A Brand-New Kick
For those of us with two functioning legs, it’s easy to overlook the crucial role ankles play in walking. Every time we take a step, our Achilles tendons extend and contract and help power us forward. When amputees put on a standard carbon ankle prosthesis, they lose at least 50 percent of that propulsion. As a result, they typically can’t walk as fast or as far, and are more tired at the end of the day.
But a revolutionary new ankle prosthetic—produced by BiOM, a Bedford company founded on the breakthrough research of MIT professor Hugh Herr—is changing all that. BiOM’s motor-driven prosthesis replicates the power and function of a normal ankle. “We’ve had some people say to us it’s the closest thing they’ve had to having their leg back,” says Matt Albuquerque, president of Next Step Bionics & Prosthetics, which sells the ankle. “That had been something I’ve never heard before.”
The BiOM ankle, though, still has one big problem: It’s “prohibitively expensive,” Albuquerque says. At about $50,000, it costs up to $40,000 more than a standard prosthesis, and isn’t covered by Medicare, Medicaid, or most insurers. That means most amputees can’t afford it. BiOM has sold about 1,000 units since it launched the product in 2011, and most of its customers have been veterans, covered by the Department of Defense or the Veterans Administration. (DoD money funded Herr’s research and helped BiOM get off the ground.)
Insurance coverage of all prostheses is inconsistent, even though advocates point to research showing that having a prosthesis decreases long-term healthcare costs by keeping amputees more active and helping them avoid issues like obesity, diabetes, and depression.
BiOM CEO Tim McCarthy goes further: The company’s new ankle, he says, also alleviates stress on muscles that are forced to overcompensate for the missing ankle propulsion. “Our mode of transportation is going to save the healthcare payer millions of dollars because we’re going to reduce back pain, hip pain, knee pain. We’re going to improve cardiovascular health and all those costs that are associated with those comorbidities,” he says.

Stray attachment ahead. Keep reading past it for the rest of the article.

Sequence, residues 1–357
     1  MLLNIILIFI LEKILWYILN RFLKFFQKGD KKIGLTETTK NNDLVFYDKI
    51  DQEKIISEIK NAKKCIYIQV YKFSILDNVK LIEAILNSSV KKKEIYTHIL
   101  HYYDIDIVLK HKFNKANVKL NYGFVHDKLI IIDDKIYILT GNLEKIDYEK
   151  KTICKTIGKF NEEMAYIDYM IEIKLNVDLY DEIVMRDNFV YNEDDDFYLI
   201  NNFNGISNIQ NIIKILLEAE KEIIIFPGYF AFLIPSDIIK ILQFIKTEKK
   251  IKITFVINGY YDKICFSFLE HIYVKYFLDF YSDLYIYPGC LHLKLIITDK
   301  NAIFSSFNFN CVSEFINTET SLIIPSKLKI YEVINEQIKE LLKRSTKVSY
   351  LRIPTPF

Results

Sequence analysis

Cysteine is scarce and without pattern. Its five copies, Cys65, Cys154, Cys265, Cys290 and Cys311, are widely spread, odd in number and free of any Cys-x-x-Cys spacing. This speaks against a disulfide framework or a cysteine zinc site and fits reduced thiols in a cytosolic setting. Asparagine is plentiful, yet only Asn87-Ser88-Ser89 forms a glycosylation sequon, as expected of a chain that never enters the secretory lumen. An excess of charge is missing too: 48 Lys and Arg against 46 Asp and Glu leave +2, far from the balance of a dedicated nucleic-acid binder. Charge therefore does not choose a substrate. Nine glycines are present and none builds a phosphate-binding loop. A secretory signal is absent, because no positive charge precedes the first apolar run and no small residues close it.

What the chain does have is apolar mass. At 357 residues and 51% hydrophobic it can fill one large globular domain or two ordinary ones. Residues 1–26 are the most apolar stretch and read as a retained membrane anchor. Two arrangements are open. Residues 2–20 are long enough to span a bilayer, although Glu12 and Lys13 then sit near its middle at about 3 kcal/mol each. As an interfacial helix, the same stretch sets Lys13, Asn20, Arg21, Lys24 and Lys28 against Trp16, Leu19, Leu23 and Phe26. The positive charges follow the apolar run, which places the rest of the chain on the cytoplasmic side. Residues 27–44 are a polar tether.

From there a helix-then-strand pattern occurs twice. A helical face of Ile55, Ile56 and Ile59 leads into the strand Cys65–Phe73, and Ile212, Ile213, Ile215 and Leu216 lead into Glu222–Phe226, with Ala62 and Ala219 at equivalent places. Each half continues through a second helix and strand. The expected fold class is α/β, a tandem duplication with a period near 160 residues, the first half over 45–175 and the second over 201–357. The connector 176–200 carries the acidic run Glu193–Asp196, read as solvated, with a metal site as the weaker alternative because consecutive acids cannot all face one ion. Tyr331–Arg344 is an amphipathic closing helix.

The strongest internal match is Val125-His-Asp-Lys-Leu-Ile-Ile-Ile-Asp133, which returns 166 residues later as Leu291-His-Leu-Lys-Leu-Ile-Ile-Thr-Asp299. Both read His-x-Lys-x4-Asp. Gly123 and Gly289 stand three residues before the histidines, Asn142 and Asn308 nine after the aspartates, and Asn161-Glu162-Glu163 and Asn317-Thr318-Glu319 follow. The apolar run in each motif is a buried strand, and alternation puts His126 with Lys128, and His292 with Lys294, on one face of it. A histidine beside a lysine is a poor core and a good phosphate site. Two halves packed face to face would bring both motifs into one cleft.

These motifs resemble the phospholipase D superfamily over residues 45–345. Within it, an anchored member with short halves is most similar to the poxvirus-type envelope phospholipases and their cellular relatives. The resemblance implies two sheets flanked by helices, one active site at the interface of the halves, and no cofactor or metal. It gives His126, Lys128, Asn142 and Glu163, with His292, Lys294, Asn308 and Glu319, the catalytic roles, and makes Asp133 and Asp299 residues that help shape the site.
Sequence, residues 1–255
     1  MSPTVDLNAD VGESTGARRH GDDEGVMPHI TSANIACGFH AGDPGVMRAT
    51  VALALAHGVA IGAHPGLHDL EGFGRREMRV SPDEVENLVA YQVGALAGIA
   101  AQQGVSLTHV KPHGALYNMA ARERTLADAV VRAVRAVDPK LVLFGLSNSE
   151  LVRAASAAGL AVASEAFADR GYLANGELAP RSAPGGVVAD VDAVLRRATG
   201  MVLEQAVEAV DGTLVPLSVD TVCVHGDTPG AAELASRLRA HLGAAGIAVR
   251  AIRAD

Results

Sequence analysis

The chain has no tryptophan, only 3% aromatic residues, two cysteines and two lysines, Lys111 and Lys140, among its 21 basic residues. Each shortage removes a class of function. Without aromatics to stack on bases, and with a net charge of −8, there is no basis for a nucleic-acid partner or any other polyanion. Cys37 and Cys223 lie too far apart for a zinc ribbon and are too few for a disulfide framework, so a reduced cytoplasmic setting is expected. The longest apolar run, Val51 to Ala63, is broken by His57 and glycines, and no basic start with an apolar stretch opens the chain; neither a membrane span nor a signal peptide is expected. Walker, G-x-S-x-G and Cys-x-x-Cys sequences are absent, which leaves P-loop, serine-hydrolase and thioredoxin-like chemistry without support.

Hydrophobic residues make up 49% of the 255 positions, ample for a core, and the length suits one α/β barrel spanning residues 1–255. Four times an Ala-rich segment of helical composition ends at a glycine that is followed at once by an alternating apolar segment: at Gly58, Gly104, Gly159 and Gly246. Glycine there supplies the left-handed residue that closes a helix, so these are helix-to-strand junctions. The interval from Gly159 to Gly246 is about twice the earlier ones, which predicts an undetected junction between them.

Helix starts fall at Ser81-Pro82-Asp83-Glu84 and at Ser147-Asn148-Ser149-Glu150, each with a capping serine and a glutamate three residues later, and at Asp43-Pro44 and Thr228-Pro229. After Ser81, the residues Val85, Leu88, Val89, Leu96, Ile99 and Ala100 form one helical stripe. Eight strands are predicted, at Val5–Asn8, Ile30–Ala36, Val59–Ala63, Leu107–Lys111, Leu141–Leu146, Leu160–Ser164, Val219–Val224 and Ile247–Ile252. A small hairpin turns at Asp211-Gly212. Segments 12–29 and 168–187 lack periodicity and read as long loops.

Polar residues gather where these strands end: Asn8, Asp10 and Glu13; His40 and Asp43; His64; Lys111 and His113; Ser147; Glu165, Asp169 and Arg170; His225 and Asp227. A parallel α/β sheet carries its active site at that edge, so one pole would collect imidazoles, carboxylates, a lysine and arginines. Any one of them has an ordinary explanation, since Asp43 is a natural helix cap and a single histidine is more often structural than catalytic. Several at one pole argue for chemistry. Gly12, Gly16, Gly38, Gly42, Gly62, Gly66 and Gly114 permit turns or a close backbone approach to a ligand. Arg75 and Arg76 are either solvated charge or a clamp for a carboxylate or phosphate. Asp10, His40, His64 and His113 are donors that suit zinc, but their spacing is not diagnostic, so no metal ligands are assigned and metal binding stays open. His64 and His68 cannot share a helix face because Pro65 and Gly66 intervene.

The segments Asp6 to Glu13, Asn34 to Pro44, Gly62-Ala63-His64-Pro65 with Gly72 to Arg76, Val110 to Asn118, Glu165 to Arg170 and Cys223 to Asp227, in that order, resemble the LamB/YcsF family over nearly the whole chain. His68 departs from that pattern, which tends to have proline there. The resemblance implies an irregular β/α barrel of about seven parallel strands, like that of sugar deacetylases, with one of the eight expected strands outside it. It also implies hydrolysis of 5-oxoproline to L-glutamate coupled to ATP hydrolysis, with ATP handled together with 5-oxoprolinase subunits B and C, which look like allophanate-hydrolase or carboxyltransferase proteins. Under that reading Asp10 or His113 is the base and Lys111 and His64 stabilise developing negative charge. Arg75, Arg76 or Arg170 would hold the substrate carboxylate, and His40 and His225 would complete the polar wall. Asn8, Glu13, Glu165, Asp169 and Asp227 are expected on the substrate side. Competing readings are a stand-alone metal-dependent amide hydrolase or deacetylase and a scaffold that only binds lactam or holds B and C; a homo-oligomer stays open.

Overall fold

“I think it is a reasonable argument,” says Tom Fise, the executive director of the American Orthotic & Prosthetic Association, noting that it builds off the same principle as previous studies. Is there enough data to convince Medicare and Medicaid officials to cover the BiOM ankle? The company will find out soon—at press time, BiOM was awaiting a ruling. If government insurers give it a thumbs up, private insurers will likely follow suit.
In the meantime, McCarthy says his company will continue innovating. A new powered knee prosthesis is three to five years away. “We’re going to focus on foot-ankle,” he says, “and then we’ll work our way north.”
Here are a few projects in development in Hugh Herr’s Biomechatronics group at the MIT Media Lab. Researchers believe they could reach consumers in two to five years.
Most prosthetic knees available right now aren’t powered. This one, though, re-creates the power and energy of a biological knee. Designed to be efficient, the knee draws on battery power only when necessary and, like a hybrid car, is capable of recharging its battery when you walk.
Comfortably fitting a prosthesis to a limb remains a huge challenge. This device is designed to help fix that: Users insert their limb to precisely measure its shape and even the stiffness of the skin around it, so a socket—the limb-prosthesis connector—can be mapped accordingly.
Currently, sockets are fashioned by hand: The process is slow, expensive, and difficult to replicate. But Herr’s group is automating it. They take the data from the Fit Socket and quickly and relatively cheaply pump out precise, replicable, and more comfortable sockets from 3-D printers.